The Atlas Mountains are a series of mountain ranges extending for almost 2,000 kilometres across north Africa, passing through Morocco, Algeria and Tunisia. The jagged, sky-piercing High Atlas in Morocco are perhaps the most well-known, especially in the trekking community. This is where you'll find snow-capped Mount Toubkal, the highest peak in north Africa, a towering stone giant of 4,167m. And there are plenty of treks in the Atlas Mountains beyond Toubkal, along barely-used trails between remote Berber villages; over wild stony mountain passes beneath a burnt blue sky.
Although the High Atlas might be the most popular part of the Atlas Mountains to visit, there's plenty of other spots to adventure in. The Anti-Atlas Mountains, close to the port city of Agadir, is a lunar-like landscape of red granite boulders and ancient lava flows. This sparse topography contrasts with its lush green valleys, which is where you'll find the farms and settlements of the Chleuh people.
The Saharan Atlas in Algeria is sparse and desert-dry, whereas the northern slopes of the Tell Atlas Range are forested with Atlas cedar, pine and cork oak. Visiting either of these two ranges will take you very much off-the-beaten-track.
It will come as no surprise, then, that the Atlas Mountains are astonishingly diverse, both topographically and culturally. There are all sorts of different adventures to be had amongst its peaks. The only problem is choosing where - and when - to go. This guide will help you narrow down your options, and highlight a few of the adventurous activities on offer.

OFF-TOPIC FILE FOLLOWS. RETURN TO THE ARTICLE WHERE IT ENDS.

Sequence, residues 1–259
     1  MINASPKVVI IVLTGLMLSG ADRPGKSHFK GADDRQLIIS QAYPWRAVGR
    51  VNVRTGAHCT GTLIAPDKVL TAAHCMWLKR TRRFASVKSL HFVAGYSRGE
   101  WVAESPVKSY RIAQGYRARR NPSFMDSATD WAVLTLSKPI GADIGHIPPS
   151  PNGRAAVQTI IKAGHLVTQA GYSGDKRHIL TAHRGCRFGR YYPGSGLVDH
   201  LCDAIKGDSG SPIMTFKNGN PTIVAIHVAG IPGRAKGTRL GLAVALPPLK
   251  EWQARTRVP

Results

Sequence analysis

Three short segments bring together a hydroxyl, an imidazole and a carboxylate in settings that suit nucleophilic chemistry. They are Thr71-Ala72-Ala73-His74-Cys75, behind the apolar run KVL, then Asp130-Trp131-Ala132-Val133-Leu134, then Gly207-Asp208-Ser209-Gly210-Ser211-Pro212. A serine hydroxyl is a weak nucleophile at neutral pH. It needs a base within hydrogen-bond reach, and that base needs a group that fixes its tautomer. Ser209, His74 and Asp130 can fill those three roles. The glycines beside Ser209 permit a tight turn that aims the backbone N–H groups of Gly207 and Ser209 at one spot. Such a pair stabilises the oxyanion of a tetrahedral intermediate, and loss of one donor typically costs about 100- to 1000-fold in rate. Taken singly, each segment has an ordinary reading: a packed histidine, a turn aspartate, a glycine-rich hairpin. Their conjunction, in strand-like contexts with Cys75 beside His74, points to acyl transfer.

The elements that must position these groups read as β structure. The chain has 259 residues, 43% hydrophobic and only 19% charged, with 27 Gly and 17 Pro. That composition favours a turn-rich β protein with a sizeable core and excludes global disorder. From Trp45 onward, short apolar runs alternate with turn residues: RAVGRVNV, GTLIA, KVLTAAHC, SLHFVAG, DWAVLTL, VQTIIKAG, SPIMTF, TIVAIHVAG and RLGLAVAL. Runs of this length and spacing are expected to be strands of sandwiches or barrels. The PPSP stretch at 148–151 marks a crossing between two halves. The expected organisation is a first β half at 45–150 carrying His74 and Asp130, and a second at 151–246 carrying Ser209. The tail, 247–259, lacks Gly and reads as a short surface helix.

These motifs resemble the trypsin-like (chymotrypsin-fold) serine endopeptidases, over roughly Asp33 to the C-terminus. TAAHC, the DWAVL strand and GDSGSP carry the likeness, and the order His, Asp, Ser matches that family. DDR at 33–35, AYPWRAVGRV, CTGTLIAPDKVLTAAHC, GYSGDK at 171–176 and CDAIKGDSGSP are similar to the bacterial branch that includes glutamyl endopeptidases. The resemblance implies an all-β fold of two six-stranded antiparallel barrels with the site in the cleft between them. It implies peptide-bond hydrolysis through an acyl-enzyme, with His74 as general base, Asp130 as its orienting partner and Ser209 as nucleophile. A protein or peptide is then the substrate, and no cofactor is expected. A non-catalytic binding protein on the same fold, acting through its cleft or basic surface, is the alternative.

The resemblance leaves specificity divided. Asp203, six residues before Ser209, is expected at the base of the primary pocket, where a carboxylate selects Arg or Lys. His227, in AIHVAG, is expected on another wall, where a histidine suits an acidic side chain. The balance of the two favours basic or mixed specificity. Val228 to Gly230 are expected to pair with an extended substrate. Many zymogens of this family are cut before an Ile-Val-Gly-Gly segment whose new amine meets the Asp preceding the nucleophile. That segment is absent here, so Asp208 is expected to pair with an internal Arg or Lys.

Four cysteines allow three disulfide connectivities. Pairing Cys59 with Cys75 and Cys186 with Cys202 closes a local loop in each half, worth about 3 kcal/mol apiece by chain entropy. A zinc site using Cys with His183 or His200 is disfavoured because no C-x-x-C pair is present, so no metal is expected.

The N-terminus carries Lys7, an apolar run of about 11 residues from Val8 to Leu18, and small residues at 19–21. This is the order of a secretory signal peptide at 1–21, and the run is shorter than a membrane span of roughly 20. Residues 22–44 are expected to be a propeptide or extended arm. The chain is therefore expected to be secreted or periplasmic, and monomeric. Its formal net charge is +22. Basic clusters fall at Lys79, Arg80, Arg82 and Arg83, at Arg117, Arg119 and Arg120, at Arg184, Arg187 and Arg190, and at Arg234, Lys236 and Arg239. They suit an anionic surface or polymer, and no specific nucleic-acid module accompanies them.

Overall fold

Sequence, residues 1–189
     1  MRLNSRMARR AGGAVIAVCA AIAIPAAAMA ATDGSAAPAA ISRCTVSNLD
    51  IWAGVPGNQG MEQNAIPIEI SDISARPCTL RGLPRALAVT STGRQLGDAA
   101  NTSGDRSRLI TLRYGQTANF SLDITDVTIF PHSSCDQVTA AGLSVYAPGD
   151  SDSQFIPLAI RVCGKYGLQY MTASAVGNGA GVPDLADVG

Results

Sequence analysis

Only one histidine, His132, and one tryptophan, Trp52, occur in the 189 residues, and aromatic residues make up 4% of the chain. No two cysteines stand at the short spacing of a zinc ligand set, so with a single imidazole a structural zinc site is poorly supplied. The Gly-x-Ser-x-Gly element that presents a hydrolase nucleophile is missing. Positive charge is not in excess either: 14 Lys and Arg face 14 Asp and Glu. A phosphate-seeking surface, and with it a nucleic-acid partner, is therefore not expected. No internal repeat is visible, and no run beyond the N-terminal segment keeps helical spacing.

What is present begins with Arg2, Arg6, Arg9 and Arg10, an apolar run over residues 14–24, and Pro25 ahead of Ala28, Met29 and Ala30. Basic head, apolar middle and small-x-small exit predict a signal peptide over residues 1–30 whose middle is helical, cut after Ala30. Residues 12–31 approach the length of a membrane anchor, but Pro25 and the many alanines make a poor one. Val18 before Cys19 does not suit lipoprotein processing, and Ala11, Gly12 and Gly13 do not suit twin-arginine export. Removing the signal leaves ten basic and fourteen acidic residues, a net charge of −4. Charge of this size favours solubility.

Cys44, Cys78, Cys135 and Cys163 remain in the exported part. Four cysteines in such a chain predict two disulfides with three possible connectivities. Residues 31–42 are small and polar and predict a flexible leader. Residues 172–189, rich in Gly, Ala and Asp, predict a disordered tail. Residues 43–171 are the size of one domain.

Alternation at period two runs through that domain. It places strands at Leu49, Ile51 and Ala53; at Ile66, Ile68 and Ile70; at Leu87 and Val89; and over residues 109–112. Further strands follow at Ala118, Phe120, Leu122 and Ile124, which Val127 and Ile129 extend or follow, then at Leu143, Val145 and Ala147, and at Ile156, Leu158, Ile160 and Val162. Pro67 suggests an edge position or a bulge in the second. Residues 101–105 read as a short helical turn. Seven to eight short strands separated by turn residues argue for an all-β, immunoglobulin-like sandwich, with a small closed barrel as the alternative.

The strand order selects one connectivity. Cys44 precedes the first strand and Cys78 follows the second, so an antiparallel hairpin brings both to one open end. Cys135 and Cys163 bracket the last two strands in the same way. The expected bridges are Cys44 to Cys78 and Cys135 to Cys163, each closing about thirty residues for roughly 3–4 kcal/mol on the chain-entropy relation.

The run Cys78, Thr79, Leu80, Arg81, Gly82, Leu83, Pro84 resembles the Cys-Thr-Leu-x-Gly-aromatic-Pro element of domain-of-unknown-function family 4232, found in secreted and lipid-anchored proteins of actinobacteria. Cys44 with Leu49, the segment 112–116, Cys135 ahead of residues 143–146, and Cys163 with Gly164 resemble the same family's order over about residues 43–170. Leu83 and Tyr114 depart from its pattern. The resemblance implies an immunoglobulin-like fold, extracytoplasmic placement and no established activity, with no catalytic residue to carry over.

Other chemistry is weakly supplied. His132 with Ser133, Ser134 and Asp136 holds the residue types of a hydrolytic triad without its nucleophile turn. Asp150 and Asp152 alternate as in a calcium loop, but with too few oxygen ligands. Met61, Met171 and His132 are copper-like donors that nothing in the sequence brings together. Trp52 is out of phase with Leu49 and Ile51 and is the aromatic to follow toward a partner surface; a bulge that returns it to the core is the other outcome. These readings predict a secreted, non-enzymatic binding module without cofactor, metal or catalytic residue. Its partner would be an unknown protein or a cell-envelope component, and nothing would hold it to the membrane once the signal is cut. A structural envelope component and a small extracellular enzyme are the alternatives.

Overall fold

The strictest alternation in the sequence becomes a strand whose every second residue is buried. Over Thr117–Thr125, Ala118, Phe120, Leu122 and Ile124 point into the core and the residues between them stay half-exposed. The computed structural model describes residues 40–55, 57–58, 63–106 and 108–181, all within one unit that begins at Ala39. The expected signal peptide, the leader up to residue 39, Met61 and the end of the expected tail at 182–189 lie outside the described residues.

Where Are the Atlas Mountains?
The Atlas Mountains run from the Moroccan port of Agadir in the southwest, across the north of Algeria, and to the Tunisian capital of Tunis in the northeast. They rise up to form a high barrier between the Mediterranean basin in the north, and the Sahara Desert in the south.
The most northerly section is the Tell Atlas, extending from northern Morocco and along the northern coast of Algeria. It consists of several massifs, the westernmost of which is the Rif Mountains, which form a crescent shape between Ceuta and Melilla in Morocco. The most southerly range is the Anti-Atlas, in Morocco. Above and parallel to it rise the spectacular High Atlas peaks of Morocco.
How Tall Are the Atlas Mountains?
The Atlas Mountains are renowned for their imposing size, especially at their pinnacle in the High Atlas. Morocco's seven highest peaks are all located in the High Atlas.
Jebel Toubkal (Jebel means mountain) is the highest peak in the the whole of the Atlas Mountains, never mind Morocco, at 4,167m. Next up is Ouanoukrim Mountain, which consists of two summits, Timzguida (4,089m) and Ras Ouanoukrim (4,083m). Third is M'Goun, (4,071m), a lunar-like mountain ridge which can be reached after a five-day trek.
Outside of the High Atlas, you'll find plenty of peaks exceeding 3000m in Morocco. This includes Mount Bou Naceur (3,400m), the highest peak of the Middle Atlas, and Mount Sirwa (3,304m), the highest peak of the Anti-Atlas.
While the Atlas in Tunisia and Algeria might not reach the lofty heights of those in Morocco, their summits are still not to be sniffed at. The highest mountain in the Algerian Atlas is Mount Chelia (2,328m), which is in the the Aurès Mountains (the easternmost portion of the Atlas mountain range). In Tunisia, Mount Chambi - also known as Ash-Shaʿnabī - is the tallest mountain in the country at 1,544m. It is located in the Saharan Atlas.
When to Visit the Atlas Mountains